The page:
This article aims to explain fundamental differences of vertical axis wind turbines (Darrieus type) from propeller-based turbines. It also aims to explain some of the inherent advantages of vertical wind turbine design. The most notable difference between vertical and horizontal types of turbines is that propeller turbine works based on aerodynamics of rotation (e.g. similar to a helicopters rotor), and a vertical turbine utilizes aerodynamics of linear movement (like a wing of an aircraft does). A rotating propeller creates a thin "air-permeable disc", while a rotating vertical axis turbine creates a shape of a cylinder (“ squirrel cage ”) which is also penetrated by air.
These are different aerodynamic mechanics of work of wind, and provide for different levels of efficiency - often represented as a coefficient of transformation of wind energy into mechanical or electrical energy. Darrieus-type turbines such as ANew-S1 can achieve up to 70% conversion efficiency of winds kinetic energy into electrical energy (after mechanical and electrical conversion losses). Whilst a propeller-based turbine would achieve 35-40% conversion efficiency under the same conditions of wind.
The other often overlooked factor of turbine operation and efficiency is the geometry (diameter, height, as well as swept area and area of the blades), direction of rotation, and ability of a turbine with vertical axis of rotation to accumulate and preserve energy similar to a flywheel. Because Darrieus-type wind turbines, such as ANew-S1, form a vertical cylinder during rotation, they are capable of extracting energy from the same flow of air twice, as shown in the diagrams below:
When the blade is in position (1) the airflow W1 makes contact with the blade, giving it some of its own energy (about 60%) while losing about 27% of its speed up to W2 (slowed by the blade). When blade is moving through the position in diagram (2) air flow with original velocity W2 has the space and time to accelerate its speed up to W3. When the blade is in position shown on diagram 3, the airflow W3 has another contact with the blade, giving it some of its energy (about 60% of energy of airflow W3), which is equivalent to about 45% of the energy of primary airflow W1. It also loses about 27% of its speed in position W4.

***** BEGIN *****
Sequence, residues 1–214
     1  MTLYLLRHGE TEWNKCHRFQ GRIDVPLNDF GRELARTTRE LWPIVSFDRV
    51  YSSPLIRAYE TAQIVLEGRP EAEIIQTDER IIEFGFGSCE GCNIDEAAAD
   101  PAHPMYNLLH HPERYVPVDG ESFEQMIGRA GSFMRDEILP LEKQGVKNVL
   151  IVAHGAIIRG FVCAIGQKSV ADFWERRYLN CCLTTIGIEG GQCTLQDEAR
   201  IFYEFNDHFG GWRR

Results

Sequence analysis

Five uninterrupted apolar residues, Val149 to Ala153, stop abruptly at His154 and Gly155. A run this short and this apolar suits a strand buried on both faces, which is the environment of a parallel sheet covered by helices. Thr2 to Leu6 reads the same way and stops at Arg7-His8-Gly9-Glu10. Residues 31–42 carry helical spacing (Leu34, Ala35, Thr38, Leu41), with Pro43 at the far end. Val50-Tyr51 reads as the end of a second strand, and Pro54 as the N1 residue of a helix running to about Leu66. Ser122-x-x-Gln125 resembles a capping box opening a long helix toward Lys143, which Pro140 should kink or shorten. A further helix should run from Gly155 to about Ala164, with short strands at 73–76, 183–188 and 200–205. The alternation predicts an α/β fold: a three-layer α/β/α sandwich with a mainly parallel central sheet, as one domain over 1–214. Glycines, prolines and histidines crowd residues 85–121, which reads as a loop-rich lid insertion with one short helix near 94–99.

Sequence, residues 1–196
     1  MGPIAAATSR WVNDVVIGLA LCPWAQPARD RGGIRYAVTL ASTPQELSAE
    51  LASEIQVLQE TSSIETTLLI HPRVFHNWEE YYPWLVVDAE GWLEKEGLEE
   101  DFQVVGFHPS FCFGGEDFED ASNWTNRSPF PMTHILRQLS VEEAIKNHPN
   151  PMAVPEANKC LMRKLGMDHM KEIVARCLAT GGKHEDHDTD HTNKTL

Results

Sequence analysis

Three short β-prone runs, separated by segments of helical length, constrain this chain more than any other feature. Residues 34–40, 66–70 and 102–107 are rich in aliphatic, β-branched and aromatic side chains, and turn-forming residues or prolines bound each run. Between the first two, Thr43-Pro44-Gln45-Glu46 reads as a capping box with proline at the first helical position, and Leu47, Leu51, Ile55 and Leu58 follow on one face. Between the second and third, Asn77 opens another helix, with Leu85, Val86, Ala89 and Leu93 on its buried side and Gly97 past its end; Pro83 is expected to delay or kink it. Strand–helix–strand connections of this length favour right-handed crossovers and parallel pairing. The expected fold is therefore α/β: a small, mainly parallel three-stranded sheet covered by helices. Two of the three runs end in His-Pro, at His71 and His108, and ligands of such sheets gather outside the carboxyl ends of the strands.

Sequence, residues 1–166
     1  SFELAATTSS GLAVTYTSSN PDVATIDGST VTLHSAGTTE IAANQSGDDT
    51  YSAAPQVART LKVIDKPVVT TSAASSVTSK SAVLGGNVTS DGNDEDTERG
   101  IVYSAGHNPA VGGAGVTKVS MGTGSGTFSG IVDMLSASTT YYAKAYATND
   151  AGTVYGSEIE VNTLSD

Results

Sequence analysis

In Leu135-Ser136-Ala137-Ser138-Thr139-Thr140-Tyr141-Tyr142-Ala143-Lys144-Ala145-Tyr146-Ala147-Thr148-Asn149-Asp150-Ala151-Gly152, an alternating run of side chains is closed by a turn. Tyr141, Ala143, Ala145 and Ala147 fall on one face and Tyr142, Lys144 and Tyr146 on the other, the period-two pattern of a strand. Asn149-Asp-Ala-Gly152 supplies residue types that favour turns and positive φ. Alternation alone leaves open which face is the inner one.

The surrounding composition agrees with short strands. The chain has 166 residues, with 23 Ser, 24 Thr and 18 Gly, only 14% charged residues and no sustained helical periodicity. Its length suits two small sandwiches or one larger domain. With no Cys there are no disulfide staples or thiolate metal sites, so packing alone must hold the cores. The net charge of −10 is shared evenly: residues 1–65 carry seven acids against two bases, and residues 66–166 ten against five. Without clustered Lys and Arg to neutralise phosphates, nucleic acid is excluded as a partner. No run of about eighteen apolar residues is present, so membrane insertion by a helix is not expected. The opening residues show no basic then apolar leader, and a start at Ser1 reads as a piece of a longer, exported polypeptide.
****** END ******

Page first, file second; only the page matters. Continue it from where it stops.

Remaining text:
As you can see, the blade in diagram 4 takes energy from the same airflow twice. The airflow itself had time to partially restore its speed (and energy) in the space between entering and exiting the turbine cylinder. In order for the above scenario to work, the blade must arrive into position 3 simultaneously with the flow of air which initially gave the blade part of its energy in diagram 1. This requires a specific linear velocity of the blade for each unique wind speed range.
If the turbine has two or more blades, the initial transfer of energy from the primary airflow is made to one of the blades, and the secondary energy transfer by the same airflow can occur with the second blade. That is, if the turbine has two or more blades, the linear velocity of the blades may be significantly less than linear velocity required by a turbine with a single blade.
In addition, Darrieus type of wind turbines allows for much quicker wind speed recovery than the traditional propeller based turbines. This means that the speed (and the energy) of the wind restore within shorter distance of the turbine. This advantage allows vertical turbines to be placed closer together. This topic is covered in greater detail in an article called Wind Speed Recovery.